Microsoft acquisition of Activision likely to be sued by the feds
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Featured Image Credit: Activision, Studio Nova/NHK, Microsoft
I still find it pretty funny that arguably the biggest gaming news of 2022 came within the first few weeks of the year. Microsoft dropped the bombshell back in January that the company is planning to buy out Activision Blizzard for a whopping $68.7 billion in the biggest gaming acquisition of all time.
This colossal acquisition would quite literally be a game changer if it goes through - it’d mean that Microsoft would own IPs such as Overwatch, Crash Bandicoot and even Call of Duty. Sony has been understandably worried about CoD and the possibility that it could be turned into an Xbox exclusive franchise, but Xbox boss Phil Spencer has reiterated multiple times now that this shouldn’t be a concern for gamers.
Speaking of Call of Duty, take a look at some new gameplay footage from Modern Warfare II below.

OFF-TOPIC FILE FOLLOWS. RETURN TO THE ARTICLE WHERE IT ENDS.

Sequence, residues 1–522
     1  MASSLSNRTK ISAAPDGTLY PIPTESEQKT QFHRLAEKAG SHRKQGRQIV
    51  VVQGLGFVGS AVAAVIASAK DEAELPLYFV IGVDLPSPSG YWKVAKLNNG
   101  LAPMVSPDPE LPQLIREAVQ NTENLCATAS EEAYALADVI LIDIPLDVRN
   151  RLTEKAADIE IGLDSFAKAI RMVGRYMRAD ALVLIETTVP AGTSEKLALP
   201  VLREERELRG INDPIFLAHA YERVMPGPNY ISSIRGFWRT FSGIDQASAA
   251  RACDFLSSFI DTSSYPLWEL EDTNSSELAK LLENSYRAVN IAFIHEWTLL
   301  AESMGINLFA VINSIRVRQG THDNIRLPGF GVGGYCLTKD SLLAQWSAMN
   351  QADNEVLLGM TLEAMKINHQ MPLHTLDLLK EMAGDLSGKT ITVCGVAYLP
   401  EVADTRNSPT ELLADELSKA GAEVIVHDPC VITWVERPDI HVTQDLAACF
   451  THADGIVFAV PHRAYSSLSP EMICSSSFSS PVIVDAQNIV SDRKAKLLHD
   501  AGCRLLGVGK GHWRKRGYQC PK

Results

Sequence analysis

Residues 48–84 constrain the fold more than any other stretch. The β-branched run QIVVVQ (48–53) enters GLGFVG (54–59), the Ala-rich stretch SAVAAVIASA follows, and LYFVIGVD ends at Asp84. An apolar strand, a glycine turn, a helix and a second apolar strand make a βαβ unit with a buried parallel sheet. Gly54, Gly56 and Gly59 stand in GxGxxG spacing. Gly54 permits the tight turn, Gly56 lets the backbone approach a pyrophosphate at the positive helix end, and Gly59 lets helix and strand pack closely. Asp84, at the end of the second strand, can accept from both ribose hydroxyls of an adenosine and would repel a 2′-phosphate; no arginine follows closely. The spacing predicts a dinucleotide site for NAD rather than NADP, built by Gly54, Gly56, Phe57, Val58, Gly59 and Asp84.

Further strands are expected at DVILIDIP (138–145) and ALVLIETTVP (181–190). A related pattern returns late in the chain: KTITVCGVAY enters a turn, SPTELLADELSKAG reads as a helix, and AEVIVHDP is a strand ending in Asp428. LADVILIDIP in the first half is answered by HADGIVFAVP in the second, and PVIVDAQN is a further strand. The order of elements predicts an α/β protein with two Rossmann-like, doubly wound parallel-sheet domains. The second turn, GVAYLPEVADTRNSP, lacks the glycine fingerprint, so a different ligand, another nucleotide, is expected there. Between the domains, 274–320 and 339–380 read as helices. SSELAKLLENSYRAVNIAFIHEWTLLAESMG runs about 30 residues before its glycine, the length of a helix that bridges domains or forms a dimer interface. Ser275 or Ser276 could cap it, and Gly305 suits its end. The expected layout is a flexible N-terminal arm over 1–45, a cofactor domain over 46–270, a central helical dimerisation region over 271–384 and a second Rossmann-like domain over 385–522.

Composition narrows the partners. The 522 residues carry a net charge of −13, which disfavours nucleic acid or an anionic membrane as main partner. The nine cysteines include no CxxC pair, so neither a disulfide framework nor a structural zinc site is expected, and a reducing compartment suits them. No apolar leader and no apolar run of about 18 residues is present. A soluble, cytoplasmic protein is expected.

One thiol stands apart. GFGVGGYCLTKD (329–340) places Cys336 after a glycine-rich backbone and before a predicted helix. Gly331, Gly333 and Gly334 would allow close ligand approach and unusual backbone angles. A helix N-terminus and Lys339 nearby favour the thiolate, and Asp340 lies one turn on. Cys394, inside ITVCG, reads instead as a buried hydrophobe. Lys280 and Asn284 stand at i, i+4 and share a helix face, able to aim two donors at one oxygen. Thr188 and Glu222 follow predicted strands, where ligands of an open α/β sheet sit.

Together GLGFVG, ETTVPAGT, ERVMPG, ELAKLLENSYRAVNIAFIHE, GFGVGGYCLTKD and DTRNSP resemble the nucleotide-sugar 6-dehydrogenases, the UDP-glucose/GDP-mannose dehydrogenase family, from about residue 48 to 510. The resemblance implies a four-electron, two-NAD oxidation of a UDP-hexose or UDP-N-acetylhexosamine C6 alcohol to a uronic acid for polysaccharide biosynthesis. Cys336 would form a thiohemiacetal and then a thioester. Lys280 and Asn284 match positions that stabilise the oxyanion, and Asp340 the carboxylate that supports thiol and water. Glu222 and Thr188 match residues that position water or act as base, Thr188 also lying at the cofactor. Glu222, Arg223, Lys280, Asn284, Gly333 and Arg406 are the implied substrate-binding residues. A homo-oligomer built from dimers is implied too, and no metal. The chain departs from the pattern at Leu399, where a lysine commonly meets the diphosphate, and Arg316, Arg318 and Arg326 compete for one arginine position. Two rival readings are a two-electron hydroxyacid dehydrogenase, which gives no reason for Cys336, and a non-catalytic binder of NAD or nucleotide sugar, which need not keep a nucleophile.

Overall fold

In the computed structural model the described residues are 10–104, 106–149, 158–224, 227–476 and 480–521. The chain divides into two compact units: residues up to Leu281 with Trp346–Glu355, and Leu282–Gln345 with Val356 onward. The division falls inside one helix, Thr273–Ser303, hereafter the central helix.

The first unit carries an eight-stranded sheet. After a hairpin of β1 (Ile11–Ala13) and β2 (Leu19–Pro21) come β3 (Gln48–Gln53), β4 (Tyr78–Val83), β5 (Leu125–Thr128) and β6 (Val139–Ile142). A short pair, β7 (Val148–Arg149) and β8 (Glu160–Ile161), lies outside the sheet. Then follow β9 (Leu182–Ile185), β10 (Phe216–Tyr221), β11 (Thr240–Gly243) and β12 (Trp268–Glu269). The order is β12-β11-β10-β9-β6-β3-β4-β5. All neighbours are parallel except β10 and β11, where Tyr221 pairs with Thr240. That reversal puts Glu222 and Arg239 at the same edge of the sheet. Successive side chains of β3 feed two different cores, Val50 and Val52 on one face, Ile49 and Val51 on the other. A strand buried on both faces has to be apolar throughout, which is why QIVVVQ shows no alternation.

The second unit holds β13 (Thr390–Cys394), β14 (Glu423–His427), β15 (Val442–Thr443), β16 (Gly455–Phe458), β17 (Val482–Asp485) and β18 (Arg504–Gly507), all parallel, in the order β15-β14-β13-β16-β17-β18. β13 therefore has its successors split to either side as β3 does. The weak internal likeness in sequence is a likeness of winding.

Anyway, with an acquisition as huge as this, it’s little wonder that the deal is being carefully scrutinised by regulators to make sure that it’s actually fair on the rest of the games industry, or if Microsoft owning the rights to every Activision franchise would make the company basically untouchable. Unfortunately for Microsoft, it’s looking more and more like they might not be given the go ahead.
According to Politico, three insiders claim that the Federal Trade Commission (FTC) is likely to block the acquisition with an antitrust lawsuit. Reportedly, the staff who are currently reviewing the deal are uncertain about the company’s arguments and are concerned about the buyout's impact on competitors such as Sony. As of now though, they apparently haven’t met with Microsoft or Activision’s lawyers or voted out a complaint, so nothing is set in stone.
Politico writes that Microsoft's acquisition of Activision isn’t expected to be complete until spring 2023 at the earliest - the companies apparently have until next July to close it without renegotiations. This means that if a lawsuit was filed soon, it’d be unlikely to be sorted out by then, which could potentially put the entire deal in jeopardy - forcing the companies to bail on it. With the FTC's intentions currently unknown (publicly, at least), we’ll just have to wait and see what’s decided.